"One evening, however, he was noticeably silent and upon being pressed to give the reason, replied as follows:
"'For some days past I have heard the animals talking of a conspiracy against us. I was going west the other morning when I heard a crier an- nouncing a general war upon Stone Boy and his people. The crier was a Buffalo, going at full speed from west to east. Again, I heard the Beaver conversing with the Musk-rat, and both said that their services were already promised to overflow the lakes and rivers and cause a destructive flood. I heard, also, the little Swallow holding a secret council with all the birds of the air. He said that he had been appointed a messenger to the Thunder Birds, and that at a certain signal the doors of the sky would be opened and rains descend to drown Stone Boy. Old Badger and the Grizzly Bear are appointed to burrow underneath our fortifica- tions.
"'However, I am not at all afraid for myself, but I am anxious for you, Mother, and for my uncles.'
"'Ugh!' grunted all the uncles, 'we told you that you would get into trouble by killing so many of our sacred animals for your own amuse- ment.
"'But,' continued Stone Boy, 'I shall make a good resistance, and I expect you all to help me.'
"Accordingly they all worked under his direc- tion in preparing for the defence. First of all, he threw a pebble into the air, and behold a great rocky wall around their teepee. A second, third, fourth and fifth pebble became other walls with- out the first. From the sixth and seventh were formed two stone lodges, one upon the other. The uncles. meantime, made numbers of bows and quivers full of arrows, which were ranged at con- venient distances along the tops of the walls. His mother prepared great quantities of food and made many moccasins for her boy, who declared that he would defend the fortress alone.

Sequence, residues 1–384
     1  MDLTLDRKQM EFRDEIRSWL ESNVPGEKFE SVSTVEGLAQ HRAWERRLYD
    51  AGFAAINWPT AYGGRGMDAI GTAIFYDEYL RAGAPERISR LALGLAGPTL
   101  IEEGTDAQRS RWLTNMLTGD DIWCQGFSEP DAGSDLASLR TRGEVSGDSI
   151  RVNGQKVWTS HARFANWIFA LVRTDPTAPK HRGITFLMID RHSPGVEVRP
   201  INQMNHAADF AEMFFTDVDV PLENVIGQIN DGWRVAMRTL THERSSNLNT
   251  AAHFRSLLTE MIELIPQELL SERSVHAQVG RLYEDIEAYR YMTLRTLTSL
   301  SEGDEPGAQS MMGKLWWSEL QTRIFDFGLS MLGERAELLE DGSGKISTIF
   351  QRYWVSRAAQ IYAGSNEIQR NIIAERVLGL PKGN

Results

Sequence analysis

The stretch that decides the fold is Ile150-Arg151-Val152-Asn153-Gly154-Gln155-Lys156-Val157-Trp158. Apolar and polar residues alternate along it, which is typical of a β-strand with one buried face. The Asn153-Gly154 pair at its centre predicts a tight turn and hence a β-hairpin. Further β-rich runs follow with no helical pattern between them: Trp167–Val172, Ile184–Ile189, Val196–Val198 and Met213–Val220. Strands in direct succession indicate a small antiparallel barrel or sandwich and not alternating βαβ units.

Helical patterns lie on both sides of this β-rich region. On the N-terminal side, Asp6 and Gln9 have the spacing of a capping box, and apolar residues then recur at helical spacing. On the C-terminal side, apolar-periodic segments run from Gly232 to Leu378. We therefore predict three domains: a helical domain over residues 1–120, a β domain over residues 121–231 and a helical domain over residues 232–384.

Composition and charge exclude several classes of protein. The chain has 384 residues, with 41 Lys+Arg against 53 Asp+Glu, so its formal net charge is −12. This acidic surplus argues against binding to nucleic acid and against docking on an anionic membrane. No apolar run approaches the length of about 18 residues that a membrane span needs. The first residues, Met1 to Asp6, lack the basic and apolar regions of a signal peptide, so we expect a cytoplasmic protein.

"At last they saw the army of beasts advancing, each tribe by itself and commanded by a leader of extraordinary size. The onset was terrific. They flung themselves against the high walls with sav- age cries, while the badgers and other burrowing animals ceaselessly worked to undermine them. Stone Boy aimed his sharp arrows with such deadly effect that his enemies fell by thousands. So great was their loss that the dead bodies of the animals formed a barrier higher than the first, and the armies retired in confusion.
"But reinforcements were at hand. The rain fell in torrents; the beavers had dammed all the rivers and there was a great flood. The besieged all retreated into the innermost lodge, but the water poured in through the burrows made by the badgers and gophers, and rose until Stone Boy's mother and his ten uncles were all drowned. Stone Boy himself could not be entirely destroyed, but he was overcome by his enemies and left half buried in the earth, condemned never to walk again, and there we find him to this day.